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Understanding the Limits of Complex Event Processing

CEP solutions are limited in their out-of-the-box functionality.

Harrell Smith

In their ongoing quest for competitive advantage, many firms that trade on exchanges are looking to implement high-performance algorithmic trading solutions. As a result, numerous complex event processing (CEP) vendors are marketing themselves as high-frequency, low-latency analytical engines that can form the backbone of a firm’s trading infrastructure.

These products, however, are severely limited in terms of their out-of-the-box functionality. Since CEP vendors target multiple verticals (e.g., defense, telecom, commercial banking, retail, etc.), they do not provide extensive support for the type of core components that make up an algorithmic trading solution.

Numerous technical issues must be addressed to deploy a truly complete algorithmic trading platform. Among these are:

Market Data Handlers and Load Balancing Technology. Market data is obviously a key component of any algorithmic trading solution. Firms looking to deploy a high-frequency solution have to ensure that they have rock-solid feed handlers for their data provider(s) of choice. In addition, many firms employ multiple feed handlers, either for asset-specific strategies or to use “first in the door” real-time data scrubbing to ensure their algorithmic strategies have the most accurate view of the market.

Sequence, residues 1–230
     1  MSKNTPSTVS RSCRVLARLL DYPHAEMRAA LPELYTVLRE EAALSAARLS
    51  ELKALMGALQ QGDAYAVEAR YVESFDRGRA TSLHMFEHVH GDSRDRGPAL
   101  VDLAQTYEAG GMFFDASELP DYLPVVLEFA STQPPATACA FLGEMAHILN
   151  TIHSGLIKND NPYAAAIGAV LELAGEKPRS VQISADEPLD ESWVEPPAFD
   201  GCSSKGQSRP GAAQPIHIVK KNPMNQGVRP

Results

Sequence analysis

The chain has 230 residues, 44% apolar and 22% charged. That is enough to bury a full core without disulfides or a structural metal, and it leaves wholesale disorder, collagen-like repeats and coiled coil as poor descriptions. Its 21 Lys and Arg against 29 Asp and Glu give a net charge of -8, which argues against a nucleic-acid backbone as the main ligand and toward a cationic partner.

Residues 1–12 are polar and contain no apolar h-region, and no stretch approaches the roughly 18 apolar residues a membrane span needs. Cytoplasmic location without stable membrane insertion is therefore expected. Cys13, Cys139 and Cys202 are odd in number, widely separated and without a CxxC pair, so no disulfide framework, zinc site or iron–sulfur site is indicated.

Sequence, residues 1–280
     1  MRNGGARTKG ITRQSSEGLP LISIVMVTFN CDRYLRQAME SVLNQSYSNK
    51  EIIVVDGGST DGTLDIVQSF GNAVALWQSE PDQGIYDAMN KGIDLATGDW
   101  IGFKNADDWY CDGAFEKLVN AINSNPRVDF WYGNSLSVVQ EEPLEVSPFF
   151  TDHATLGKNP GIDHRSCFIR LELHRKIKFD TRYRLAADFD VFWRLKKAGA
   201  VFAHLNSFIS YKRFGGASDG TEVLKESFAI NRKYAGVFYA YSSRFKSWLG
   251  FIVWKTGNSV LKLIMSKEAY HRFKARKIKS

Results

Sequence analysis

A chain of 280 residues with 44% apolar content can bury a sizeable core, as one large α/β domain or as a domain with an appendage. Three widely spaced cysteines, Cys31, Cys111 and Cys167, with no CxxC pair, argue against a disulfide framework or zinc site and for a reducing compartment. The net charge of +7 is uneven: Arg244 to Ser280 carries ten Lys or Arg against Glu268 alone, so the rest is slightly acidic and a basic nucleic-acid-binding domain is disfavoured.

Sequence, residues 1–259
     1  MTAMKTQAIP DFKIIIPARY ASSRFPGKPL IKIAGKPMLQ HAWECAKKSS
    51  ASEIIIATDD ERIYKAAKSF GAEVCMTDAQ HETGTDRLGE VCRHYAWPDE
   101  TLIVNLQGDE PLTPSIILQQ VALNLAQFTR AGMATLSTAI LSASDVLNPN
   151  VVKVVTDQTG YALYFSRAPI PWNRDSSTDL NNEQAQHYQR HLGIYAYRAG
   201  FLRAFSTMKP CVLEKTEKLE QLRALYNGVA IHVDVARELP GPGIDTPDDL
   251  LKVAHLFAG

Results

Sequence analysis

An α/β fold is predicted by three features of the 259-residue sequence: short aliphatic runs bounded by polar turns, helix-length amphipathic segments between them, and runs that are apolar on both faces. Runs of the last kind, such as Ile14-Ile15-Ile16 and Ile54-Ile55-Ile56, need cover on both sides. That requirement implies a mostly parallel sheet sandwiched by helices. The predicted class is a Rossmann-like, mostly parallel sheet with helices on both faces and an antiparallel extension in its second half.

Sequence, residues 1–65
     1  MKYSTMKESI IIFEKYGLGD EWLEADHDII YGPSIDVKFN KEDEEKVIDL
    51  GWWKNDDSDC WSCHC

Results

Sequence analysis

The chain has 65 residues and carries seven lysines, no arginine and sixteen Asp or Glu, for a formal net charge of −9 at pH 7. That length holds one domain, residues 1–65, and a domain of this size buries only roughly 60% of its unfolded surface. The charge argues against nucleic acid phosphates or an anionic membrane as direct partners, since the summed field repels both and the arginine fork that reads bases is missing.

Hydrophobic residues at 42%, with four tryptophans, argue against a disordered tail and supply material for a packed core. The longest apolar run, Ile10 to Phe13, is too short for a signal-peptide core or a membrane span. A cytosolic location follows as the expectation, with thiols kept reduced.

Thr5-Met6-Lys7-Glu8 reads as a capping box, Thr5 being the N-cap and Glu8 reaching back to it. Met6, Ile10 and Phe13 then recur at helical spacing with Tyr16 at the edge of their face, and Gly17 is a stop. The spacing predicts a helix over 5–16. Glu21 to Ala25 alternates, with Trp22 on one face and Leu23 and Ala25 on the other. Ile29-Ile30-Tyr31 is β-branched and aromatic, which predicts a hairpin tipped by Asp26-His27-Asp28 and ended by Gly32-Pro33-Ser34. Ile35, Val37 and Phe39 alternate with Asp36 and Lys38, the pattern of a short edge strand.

Complete State Management. For an algorithmic trading engine to operate properly, it must be able to maintain and act on a complete, real-time view of a trade’s life cycle. Getting answers to key questions up front can help determine how an order should be handled. Is it a single ticket entry? Is it a “child order” — a small part of a larger order that might itself be part of a larger basket-level strategy? Has the order been accepted? If so, is it subject to cancel/replace? Was there already a partial fill that would affect one’s position? All of these issues influence how the entire trading strategy should be managed. Collectively, this kind of technology is known as state management. Without it, an algorithmic engine would be flying blind.

Certified Connections to Trading Destinations. In today’s marketplace, literally hundreds of electronic execution venues are available. Broker algorithmic suites, exchanges, electronic communication networks, automated trading systems and crossing networks have created a complex, highly fragmented trading environment. Building and certifying connections to global market centers is an enormous undertaking, requiring ongoing development to comply with emerging standards and changes to liquidity providers’ messaging logic.

Front-End Trading Interface. Traders who use stand-alone CEP engines and wish to develop, launch and monitor algorithmic trading strategies in a graphical environment must develop a custom solution or integrate with a third-party front end.

Does this mean that event-processing technology has no application in automated trading? Of course not, it is an integral part of any high-performance trading system. But firms considering using stand-alone CEP engines for algorithmic trading should be aware that these products are just a small part of the overall solution. If they wish to leverage a high-performance trading solution, they’ll need to consider the enormous cost and time associated with this kind of piecemeal development.

Harrell Smith is the head of product strategy at Portware, a developer of broker-neutral, automated trading software for global equities, futures, options and FX.

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